Understand smartphone operating systems

Tech Trick - Windows 7 PhoneMicrosoft has just launched its new operating system, Windows 7 Phone, with gadgets to launch in Australia later this year. It’s designed to compete with Google and Apple in the smartphone market and take back some of their market share.


More SMEs are now supplying smartphones for their staff. If you’re thinking of doing the same to help organise your workforce and keep employees organised, you need to start looking for some phones.


Ten years ago a phone may have been defined by its hardware, but now software is playing a part. Here’s a quick guide to understanding the main mobile operating systems.


iOS – This is the software used for Apple devices, and currently, the iPhone. The iPhone’s software allows you access to the App Store, which can be helpful for finding business programs to keep your business mobile. However, iPhones are expensive and often costly to repair if they break – but they should provide all you need in an enterprise phone.


BlackBerry – Businesses have used BlackBerrys for years and they don’t seem to stop. The BlackBerry operating system allows solid integration with Exchange servers and will be easy for your IT crew to help set up. However, BlackBerry devices don’t have access to as many apps as iPhones.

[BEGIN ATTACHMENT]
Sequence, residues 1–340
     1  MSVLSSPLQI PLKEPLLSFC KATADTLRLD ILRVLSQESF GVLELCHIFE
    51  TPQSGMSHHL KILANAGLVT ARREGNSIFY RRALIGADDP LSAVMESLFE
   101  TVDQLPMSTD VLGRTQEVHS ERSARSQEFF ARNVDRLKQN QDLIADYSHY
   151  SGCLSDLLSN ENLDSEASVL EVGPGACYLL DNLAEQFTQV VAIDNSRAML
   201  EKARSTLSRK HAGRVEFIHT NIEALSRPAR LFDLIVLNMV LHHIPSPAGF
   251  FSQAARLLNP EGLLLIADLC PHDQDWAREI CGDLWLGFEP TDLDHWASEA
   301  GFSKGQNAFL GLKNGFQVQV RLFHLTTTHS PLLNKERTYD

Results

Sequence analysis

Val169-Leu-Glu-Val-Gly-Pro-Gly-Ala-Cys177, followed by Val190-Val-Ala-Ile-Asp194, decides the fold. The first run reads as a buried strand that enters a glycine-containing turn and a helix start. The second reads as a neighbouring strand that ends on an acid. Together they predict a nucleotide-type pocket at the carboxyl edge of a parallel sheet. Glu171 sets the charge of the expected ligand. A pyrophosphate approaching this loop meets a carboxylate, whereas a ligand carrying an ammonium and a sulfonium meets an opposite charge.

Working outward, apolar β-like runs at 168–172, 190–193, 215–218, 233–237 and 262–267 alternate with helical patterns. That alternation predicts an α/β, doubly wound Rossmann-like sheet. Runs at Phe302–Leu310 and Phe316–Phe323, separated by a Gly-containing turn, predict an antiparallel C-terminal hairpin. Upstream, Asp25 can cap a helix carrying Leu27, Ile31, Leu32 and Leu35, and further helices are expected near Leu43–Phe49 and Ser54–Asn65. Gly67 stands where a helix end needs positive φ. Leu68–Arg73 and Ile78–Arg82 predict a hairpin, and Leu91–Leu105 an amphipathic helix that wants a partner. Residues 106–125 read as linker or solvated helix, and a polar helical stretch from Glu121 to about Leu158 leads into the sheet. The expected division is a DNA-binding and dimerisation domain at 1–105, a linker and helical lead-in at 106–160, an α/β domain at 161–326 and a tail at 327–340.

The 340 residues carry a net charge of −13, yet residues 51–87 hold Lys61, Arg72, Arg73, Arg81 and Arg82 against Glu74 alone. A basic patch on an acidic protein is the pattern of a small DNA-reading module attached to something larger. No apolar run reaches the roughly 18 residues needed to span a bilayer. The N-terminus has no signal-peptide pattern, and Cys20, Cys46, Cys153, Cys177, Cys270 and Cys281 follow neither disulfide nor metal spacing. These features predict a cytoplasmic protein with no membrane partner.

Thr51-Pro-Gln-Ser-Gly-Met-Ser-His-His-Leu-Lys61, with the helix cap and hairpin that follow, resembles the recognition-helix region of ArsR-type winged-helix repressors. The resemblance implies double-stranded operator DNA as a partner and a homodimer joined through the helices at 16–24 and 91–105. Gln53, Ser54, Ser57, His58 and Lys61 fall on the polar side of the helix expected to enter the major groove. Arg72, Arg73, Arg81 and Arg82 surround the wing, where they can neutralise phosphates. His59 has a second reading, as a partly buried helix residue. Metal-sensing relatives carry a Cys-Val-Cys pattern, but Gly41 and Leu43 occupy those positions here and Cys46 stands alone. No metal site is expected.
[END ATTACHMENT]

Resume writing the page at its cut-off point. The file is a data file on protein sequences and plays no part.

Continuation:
Android – Android is Google’s own operating system. It’s a powerful piece of software and can be tweaked to your own specifications and wants. The apps available are powerful and there are several good business programs, but it’s also complicated. Android devices aren’t necessarily carrying the same software versions and incompatibility can be a problem. Android gadgets are also somewhat complex to navigate.


Windows 7 Phone – This is Microsoft’s new, stripped-down version of its operating system. It’s the easiest of the software packages to navigate, but it’s also the newest and it may be some time before the market catches on. It’s solid, but it may be more suited to consumers than businesses.


Symbian – Nokia’s OS of choice is losing market share, and fast. If you want to get your business on the smartphone bandwagon, then you’d best look to these other devices for most of your enterprise needs. However, keep an eye on Nokia – they’re developing a new OS soon.


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